Subculture in Germany in the 1980s
“Geniale Dilletanten” was the deliberately misspelled title of a concert that took place on September 4, 1981 in the Berlin venue Tempodrom. The title has come to stand for a brief era of artistic renewal in West and East Germany in the mid-1980s, a period when people in all the arts explored new paths and innovative forms of expression. Typical for this cross-genre approach were musicians who shot super-8 films, painters who played in bands or founded clubs which served as incubators for the new scene that was erupting all over the country – not just in Berlin, but also in Düsseldorf, Hamburg, Munich, Bonn, Rosenheim and Erlangen. The first portable and affordable video recorders made it possible to produce clips; for the first time, lyrics sung in German prevailed over English, the language that had previously dominated pop music. Collectives such as F.S.K. or Die Tödliche Doris experimented with music, film and language.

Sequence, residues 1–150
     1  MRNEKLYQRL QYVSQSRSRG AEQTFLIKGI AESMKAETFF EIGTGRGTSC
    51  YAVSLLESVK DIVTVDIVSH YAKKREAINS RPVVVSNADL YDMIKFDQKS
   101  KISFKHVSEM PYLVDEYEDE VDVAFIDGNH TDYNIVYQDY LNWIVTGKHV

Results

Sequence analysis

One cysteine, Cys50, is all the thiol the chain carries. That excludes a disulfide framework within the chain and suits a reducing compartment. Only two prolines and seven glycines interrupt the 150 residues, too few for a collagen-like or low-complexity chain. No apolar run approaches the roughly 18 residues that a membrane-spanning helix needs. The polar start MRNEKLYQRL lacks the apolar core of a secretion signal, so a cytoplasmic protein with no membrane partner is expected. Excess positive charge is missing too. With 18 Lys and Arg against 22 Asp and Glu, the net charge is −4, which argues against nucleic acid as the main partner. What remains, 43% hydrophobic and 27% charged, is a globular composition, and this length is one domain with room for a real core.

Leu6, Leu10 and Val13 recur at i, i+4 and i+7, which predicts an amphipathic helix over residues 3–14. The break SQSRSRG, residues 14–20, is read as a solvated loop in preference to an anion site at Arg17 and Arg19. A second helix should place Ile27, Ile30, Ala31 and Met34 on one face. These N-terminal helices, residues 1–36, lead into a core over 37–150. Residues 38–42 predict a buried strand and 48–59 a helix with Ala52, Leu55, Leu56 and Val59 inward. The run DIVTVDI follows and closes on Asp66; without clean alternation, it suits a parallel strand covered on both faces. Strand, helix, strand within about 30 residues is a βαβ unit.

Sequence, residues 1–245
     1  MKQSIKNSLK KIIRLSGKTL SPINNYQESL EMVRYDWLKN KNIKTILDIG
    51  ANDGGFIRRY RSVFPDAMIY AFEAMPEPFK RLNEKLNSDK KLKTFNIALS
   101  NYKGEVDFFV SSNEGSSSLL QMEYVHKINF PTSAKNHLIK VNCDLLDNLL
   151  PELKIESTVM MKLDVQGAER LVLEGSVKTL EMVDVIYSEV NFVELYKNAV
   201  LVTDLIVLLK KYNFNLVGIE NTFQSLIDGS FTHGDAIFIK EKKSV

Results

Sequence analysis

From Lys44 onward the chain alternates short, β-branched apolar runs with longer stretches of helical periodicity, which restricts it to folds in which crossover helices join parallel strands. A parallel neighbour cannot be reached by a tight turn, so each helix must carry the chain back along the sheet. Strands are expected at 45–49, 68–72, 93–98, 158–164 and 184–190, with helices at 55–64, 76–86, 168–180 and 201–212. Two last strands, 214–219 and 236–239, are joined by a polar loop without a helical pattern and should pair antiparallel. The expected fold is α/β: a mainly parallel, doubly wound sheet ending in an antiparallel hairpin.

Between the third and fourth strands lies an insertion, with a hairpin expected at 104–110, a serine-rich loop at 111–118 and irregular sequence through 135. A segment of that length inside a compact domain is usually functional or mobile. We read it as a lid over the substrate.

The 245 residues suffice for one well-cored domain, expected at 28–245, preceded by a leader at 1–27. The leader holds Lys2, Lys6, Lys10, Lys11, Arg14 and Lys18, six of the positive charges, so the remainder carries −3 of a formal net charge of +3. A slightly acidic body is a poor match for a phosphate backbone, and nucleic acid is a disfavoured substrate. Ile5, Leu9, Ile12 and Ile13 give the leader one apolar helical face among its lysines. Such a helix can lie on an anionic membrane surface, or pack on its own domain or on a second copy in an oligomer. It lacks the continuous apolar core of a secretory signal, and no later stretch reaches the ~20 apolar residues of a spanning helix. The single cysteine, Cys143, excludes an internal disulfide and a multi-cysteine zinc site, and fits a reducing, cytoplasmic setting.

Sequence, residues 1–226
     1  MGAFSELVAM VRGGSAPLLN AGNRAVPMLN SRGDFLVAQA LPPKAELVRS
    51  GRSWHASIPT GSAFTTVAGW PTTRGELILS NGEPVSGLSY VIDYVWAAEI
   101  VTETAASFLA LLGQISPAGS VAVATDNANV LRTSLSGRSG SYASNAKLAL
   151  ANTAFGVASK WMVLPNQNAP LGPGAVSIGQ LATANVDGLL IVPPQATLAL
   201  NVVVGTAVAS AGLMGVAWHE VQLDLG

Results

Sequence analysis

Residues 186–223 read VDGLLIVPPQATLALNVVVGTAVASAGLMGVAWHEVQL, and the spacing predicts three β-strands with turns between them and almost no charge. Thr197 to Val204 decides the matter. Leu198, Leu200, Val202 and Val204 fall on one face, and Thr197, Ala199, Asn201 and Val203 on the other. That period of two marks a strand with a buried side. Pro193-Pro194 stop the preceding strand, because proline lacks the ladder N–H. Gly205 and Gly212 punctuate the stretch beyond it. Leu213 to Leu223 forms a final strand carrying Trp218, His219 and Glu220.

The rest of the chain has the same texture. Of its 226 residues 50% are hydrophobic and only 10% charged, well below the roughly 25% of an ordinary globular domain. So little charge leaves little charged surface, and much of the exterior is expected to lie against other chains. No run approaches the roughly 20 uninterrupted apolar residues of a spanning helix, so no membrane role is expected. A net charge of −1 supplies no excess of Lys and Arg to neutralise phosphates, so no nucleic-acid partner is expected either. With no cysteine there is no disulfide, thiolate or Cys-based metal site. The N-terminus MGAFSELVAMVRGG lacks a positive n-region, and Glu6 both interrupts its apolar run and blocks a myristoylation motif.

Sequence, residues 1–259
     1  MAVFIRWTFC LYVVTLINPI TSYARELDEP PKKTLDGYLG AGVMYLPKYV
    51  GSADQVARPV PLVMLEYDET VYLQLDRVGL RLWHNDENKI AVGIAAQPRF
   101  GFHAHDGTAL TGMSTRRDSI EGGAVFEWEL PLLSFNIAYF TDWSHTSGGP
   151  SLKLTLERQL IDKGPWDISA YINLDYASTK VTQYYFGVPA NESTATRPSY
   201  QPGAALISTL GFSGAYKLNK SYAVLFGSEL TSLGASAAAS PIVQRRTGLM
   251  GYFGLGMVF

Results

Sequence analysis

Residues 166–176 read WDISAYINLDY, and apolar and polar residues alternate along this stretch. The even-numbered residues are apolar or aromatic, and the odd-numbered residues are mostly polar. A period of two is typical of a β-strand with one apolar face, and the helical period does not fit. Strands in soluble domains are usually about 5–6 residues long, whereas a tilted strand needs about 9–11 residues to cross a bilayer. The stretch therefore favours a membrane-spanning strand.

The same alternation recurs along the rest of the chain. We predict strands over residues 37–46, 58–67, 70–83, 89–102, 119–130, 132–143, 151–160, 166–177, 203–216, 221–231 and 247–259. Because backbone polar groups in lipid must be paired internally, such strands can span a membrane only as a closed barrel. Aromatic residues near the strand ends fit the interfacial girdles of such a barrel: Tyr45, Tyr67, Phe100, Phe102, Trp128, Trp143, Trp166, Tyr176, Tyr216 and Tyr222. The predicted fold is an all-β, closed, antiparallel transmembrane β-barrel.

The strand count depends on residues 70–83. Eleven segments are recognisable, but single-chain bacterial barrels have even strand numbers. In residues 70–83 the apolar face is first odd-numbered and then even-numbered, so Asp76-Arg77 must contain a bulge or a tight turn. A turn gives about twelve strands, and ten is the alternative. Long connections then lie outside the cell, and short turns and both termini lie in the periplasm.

The band Einstürzende Neubauten generated as yet unheard-of levels of tumultuous noise with instruments they built themselves. Dada and Fluxus were revitalised, xeroxed fanzines were circulated, all around the country audiocassette labels shot up out of nowhere, and art galleries were invaded by painters of the “Junge Wilden” (Young Wild Ones) movement.
What by the mid-eighties then began to peter out into the commercialised products of the Neue Deutsche Welle (New German Wave) and finally dried up with the Reunification, had started off as an unprecedented artistic fervency that broke new ground not only in music and the visual arts, but also in design, fashion, literature and film. Anything that transgressed genres and categories, that disrupted or challenged established artistic boundaries – including political divisions between East and West – became an object of intense artistic exploration.
To illustrate the extraordinary innovative spectrum of this subculture, Brilliant Dilletantes
presents the protagonists and venues of artistic milieus in different regions throughout Germany, offering insight into a rich variety of networks, as well as exploring the broad spectrum of artistic concepts that emerged from this period.